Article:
Took this pic on the walk back to my hotel, not knowing just how famous it would become. Several times over the next day I would see BBC, CNN, etc on tv, and all walking by and talking to these same three fruit vendors and interviewing them for their opinions. I’m guessing it was because they were one block from the one nice hotel in town, so that’s where the news crews ventured.

For example, BBC – I took this pic while having a bottle of water in the Club Lounge. Background look familiar? Yup, she’s in my hotel with the park in the background…exact same view as from my room. Most likely she was broadcasting from her own room less than three doors down from me.

It was early afternoon at this point, and despite a semi-heavy breakfast I was super hungry thanks to the long walk. I googled for a bit, and found there was an app called GTaxi with an online portal where you could supposedly book a driver – just like Uber. Price was given to you in advance, and they quoted me half the price of the hotel car to go back to Borrowdale, so I figured I would try it. Car showed up in under 10 minutes, was nice and clean, driver was chatty and professional, and was a great way to move around the city. Highly recommended!

I had lunch at the Pistachio Cafe in the Borrowdale Mall, and had a delicious “100% Zimbo Beef Burger” and a passionfruit/mango/etc smoothie which was all delicious.

After lunch walked around for a bit before calling GTaxi again to take me to the Zimbabwe National Heroes’ Acre. Unfortunately, given the “current situation” it was closed, as it is a bit of a politically sensitive site. Especially since the “war veterans” (of the liberation war) had come out against Mugabe when he failed to resign in his TV address, this was probably seen as a bit of a sensitive site. Oh well…at least when I called another GTaxi to come get me they were there in about 10 minutes.

Walked around the downtown a bit after I got back, but it was soon sunset so I retreated to the club lounge where I had chats with several very interesting characters. A few diplomats in town for the inauguration of the new president the next day, foreign news crews, a couple of ambassadors who were based in Pretoria but also tasked with covering Zim….it was a veritable who’s who of Southern Africa. This was my first time being in a “small” country at the top of international headline news, and I couldn’t have been more glad that I chose this hotel….and paid the premium to be on the club floor.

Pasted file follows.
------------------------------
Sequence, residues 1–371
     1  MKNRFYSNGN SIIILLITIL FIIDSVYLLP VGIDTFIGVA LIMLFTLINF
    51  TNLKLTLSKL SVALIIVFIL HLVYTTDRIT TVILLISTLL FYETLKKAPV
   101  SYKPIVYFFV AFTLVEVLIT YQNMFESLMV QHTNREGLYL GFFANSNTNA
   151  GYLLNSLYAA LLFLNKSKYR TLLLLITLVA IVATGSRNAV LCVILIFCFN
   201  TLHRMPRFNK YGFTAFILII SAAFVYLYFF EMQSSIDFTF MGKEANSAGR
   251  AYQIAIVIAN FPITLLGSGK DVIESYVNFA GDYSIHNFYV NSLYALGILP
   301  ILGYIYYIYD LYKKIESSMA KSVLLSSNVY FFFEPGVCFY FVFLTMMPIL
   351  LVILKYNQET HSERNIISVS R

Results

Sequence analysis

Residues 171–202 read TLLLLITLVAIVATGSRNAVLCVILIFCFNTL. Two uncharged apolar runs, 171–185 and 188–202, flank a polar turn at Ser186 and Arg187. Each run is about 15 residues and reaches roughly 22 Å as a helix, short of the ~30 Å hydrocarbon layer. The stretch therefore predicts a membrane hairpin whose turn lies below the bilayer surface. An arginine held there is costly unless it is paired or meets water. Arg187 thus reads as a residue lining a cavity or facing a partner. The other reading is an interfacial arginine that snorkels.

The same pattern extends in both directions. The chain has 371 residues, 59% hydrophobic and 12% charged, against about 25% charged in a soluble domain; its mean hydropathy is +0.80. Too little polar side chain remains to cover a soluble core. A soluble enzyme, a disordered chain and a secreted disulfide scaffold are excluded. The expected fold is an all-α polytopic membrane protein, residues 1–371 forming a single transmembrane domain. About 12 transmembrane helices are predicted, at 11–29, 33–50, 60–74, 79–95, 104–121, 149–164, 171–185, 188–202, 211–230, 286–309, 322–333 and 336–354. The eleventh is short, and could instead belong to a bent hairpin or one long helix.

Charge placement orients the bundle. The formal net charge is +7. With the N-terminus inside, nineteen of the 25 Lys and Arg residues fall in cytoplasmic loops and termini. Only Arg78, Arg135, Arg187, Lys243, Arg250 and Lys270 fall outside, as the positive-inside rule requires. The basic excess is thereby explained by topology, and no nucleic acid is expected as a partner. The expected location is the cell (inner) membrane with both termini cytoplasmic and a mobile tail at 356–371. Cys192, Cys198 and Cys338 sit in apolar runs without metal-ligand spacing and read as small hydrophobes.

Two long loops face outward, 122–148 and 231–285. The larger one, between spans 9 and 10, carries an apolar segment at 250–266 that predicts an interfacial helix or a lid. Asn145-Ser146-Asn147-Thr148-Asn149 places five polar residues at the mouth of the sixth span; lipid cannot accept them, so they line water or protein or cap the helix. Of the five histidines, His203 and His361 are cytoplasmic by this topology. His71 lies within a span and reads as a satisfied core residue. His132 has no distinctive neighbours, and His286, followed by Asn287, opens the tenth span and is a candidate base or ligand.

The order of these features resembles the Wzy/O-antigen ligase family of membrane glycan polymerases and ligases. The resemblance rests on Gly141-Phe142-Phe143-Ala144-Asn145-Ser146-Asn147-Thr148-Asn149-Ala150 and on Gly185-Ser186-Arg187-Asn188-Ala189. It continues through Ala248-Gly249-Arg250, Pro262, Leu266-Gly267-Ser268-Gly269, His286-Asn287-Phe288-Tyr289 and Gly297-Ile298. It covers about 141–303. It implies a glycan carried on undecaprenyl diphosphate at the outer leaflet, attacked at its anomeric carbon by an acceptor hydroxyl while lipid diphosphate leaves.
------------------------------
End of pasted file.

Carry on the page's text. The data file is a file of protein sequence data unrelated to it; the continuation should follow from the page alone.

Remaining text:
I had read on TripAdvisor, and some folks in the lounge confirmed to me, that one of the best restaurants in Harare was Sabai Thai. So yeah, Thai in Zimbabwe was such a strange concept, I had to go and check it out.

The restaurant was in a residential neighbourhood in a small house/garden, so another chance to eat outside. Even better, when I sat down, the resident cat hopped up on lap demanding to be pet. When I ordered the penang curry with chicken I was asked how spicy I wanted it. Potentially a good sign, as long as “spicy” didn’t mean “ok, has a little flavour to humour the westerner.”

I can confirm it was authentically thai spicy, to the point I scarfed three ciders total and had to pace myself as I ate. I’m going to attribute this to the owner’s wife who is from Thailand. DC has more Thai restaurants per capita than anywhere outside Asia so we’ve got lots of great Thai here, and Sabai Thai ranked right up there with the best of them. Very glad I made it for dinner, since it also was a very authentic local atmosphere and allowed me to get a bit of a feel for how those in Harare with money celebrate out on special occasions.

My flight was relatively early the next day so I made sure to get to bed early so I could enjoy a couple hours in the morning before heading to the inauguration. Good thing I was up early, because the club lounge was packed with dignitaries rushing off the the ceremony at the national stadium. Diplomatic staff from several southern African nation were having breakfast, and there was me…in shorts and a t-shirt, hanging out with them just observing.

Headed down to the lobby to go for a short walk before going to the airport, and had to pause…because there was a red carpet set up coming into the hotel, and people were lined up along it. I figured why not, so got in line…and no more than a couple minutes later a series of town cars pulled up with Zambian flags waving from them. That’s how I got a handshake from former Zambian president Kenneth Kaunda! Pic I took while waiting my turn (I believe the other guy in the lei is one of the other recent Zambian presidents):

Flags and red carpet outside the hotel entrance:

Took the hotel car back to the airport, which is one of the few things named after Mugabe still standing. His picture has already been removed from the immigration hall, but the welcome sign to the airport was still there:

Bit of time in the lounge which was nothing to write home about, but loved that the news was calling it “Mugexit” LOL. Trying too hard there guys:

South African Airways flight 23
Harare, Zimbabwe (HRE) to Johannesburg, South Africa (JNB)
Depart 12:50, Arrive 14:30, Flight Time: 1:40
Airbus A320, Registration ZS-SZH, Manufactured 2014, Seat 4F
Miles Flown Year-to-Date: 145,629
Lifetime Miles Flown: 2,510,030

Now, remember, this is an 80 minute flight tops. Lunch was offered, with THREE hot meal choices. I went with the lamb. While it might not look super appetizing, it was really tasty…and the potatoes were really good too. Just creamy enough, and the red sauce on the side (which I couldn’t quite figure out) made sure I finished my plate.

Headed to the South African lounge after clearing immigration and security. I was still undecided if I was going to stay another night in Johannesburg, or head straight home, and I was still holding reservations for both. I decided there was no point to another night in South Africa, given I had just been there for a week and didn’t know what I would do with what would literally amount to a dinner and coffee in the morning. Decided to skip it, and catch the next flight hope, saving a few hundred dollars in hotel/meals/etc.

South African Airways flight 209
Johannesburg, South Africa (JNB) to Accra, Ghana (ACC)
Depart 18:50, Arrive 22:45, Flight Time: 5:55
Airbus A330-300, Registration ZS-SXJ, Manufactured 2016, Seat 11K
Miles Flown Year-to-Date: 148,526
Lifetime Miles Flown: 2,512,927